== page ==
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Merry Christmas, everybody!
What Does “Easy” Mean?
Buy a guidebook of “easy hikes,” and you’ll find walks that cover two miles or more. I don’t know about you, but when my knees are acting up, or Matt’s back is out of whack, even stepping over a rock can feel like climbing Everest.
I figure these books (usually titled something like “Easy Waterfall Hikes,” “Easy Tidepool Hikes,” uh huh, sure) must’ve been written by athletes who were gauging “easy” by their own physical prowess.
Yep, “easy” means something entirely different to those who’ve never had any problem getting around.
But with my creaky knees, I want flat paths with no obstacles. No logs to step over, no rocks to trip on, no long steep hills to huff and puff up, or try to brake my shaky legs against when I’m going down. A short walk, not a two-mile trek. And some days, I just want to stay in the car and look out the window, not climb the trail to the top of the mountain.
And that's why we wrote ACCESSIBLE NATURE.
In our travels, we've found lots and lots of great places, all over the country, where we've enjoyed great nature things.
And lots of those places are easy. Truly easy.
“Let’s Go for a Hike!”
Boy, it sure took me a long time to realize what the problem is with those “easy hikes” books: It’s not a hike we’re after.
Hiking means striding along, covering ground at a good pace to get to that view at the end of the trail, and lots of people do just that. We love hearing the pleasure in our friends’ voices when they say, “Hiked up Signal Mountain yesterday!”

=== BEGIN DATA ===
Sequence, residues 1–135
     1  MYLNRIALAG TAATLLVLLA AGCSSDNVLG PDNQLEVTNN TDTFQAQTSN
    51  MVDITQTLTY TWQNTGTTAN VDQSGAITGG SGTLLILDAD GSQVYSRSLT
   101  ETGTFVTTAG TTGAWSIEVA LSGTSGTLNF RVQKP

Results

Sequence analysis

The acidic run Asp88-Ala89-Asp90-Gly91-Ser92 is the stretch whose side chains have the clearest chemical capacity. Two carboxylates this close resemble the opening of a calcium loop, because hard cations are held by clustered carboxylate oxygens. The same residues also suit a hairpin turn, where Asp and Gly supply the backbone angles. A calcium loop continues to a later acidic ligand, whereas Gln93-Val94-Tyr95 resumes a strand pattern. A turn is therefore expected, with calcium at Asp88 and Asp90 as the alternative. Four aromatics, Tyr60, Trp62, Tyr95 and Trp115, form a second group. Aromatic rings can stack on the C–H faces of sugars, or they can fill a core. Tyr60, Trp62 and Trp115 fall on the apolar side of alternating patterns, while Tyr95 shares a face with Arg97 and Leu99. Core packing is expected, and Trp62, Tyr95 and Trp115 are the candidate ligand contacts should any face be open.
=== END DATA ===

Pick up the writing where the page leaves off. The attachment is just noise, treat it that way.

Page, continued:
Sure, they notice things along the way. But it’s the hiking itself that’s a big part of the joy. The physical exertion, the distance covered, the reward of a view or a waterfall at the end of the trail. The sense of accomplishment.
All those things are wonderful, for sure!
But Matt and I aren’t hikers. We’re strollers. Amblers. Mosey-ers. Stopper-a-lotters. Not hikers.
"Let's go for a walk," is what we say instead.
And whether we’re at home or on a road trip, our walks bear no resemblance to hiking, other than being outside. A bit of birdsong catches our ear. “Listen! Who’s that?” Waterdrops on a leaf glint with rainbows, a backlit puff of a fuzzy seedhead is too pretty not to take a picture of, and oh, look—here’s a yellow crab spider on this aster! And a wild turkey track! And a neat mushroom!
We would drive our hiking friends nuts.
How many miles did we cover? Not even one, but, boy, did we see cool things!
Right from the Car!
We do a lot of our exploring—and see wonderful wild things!—from the comfort of our own car. But it’s not comfort that makes us not want to leave the vehicle. It’s because we see a lot more cool nature stuff that way!
Why? Birds and wildlife are afraid of people.
Stay in the car, and you have a way better chance of watching, to your heart’s content, a foraging flock of sandill cranes, or a wild horse and her foal, or a pileated woodpecker working on an old stump, or any other of a zillion natural wonders.
Step out, and all you’ll see is the flock of cranes or those wild horses or that big Woody Woodpecker bird fleeing as fast as they can.
Your car is a “blind”—a hiding place where you, the scary human, can remain out of sight. Wildlife isn’t afraid of cars.
I’m embarrassed to admit how long it took me to realize this simple fact, that a car is a blind. But I have at least 10 years’ worth of snapshots (yep, long before digital cameras) of great blue herons and wood ducks flying away (“Oh, look! I got his leg in the picture!”), and of logs in ponds that held a row of turtles until I stepped out of the car.
On the other hand, butterflies and hummingbirds and insects don’t usually care about our presence at all, and a blind isn’t necessary. So when we want to see those sorts of things, we get out of the car. They’re not afraid, and they’re way easier to see and admire when they’re up close.
Yep, wildlife is what we all love to see. Animals and birds living their fascinating natural lives, even though we’re watching.
We’re not being “lazy” by staying in the car. We’re being smart.